As I have said previously, capitalists support the estate and inheritance taxes. Not those that see themselves as nobility, and call wish to be called capitalists, that want to reward the children of the wealthy (because we all know they need more advantages than they already get). While the Democrats voted in favor of capitalism (letting those who earn wealth prosper) instead of supporting nobility, as has been the recent trend, they did so only for the richest few.
Yesterday (on “Tax Day”) NPR’s Scott Horsley was wondering about the prospects for doing something better about the Bush tax cuts this year. He got a similar reaction from me, NYC Mayor Michael Bloomberg, and the Tax Policy Center’s Bob Williams–although I got to pull out an expression I believe my mom first taught me,
The inheritance tax in France is 45%, in Belgium it's 3%. France has a wealth tax, Belgium doesn't. Wealthy French have known and used these loopholes for quite some time, but appeal of such schemes is on the rise following massive tax hikes of president Francois Holland.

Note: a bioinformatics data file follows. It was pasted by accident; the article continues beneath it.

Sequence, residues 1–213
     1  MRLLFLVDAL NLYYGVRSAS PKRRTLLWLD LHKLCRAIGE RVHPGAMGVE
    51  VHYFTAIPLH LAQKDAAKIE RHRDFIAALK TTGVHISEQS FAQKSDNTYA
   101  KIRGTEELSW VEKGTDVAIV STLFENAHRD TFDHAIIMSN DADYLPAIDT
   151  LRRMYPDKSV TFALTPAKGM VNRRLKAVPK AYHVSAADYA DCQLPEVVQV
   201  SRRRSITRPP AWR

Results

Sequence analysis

The decision is welcome news for many farmers, many of whom own a farmhouse but no longer own all of the surrounding agricultural land. Agricultural land ordinarily attracts agricultural property relief from inheritance tax and where the farmhouse on the land ‘is of a character appropriate to the property’, which means that the farmhouse is proportionate in size to the farmed land surrounding it, then the farmhouse also attracts agricultural property relief.
Laurence Field, partner at national audit, tax and advisory firm Crowe Clark Whitehill highlights the top ten tax tasks to do before May 2015 as follows:
Make pension contributions – politicians from all parties have floated the idea of limiting tax relief on pension contributions to the basic rate. Tax relief is already restricted to the first £40,000 of pension contributions, so it wouldn’t take much to take away higher or additional rate tax relief.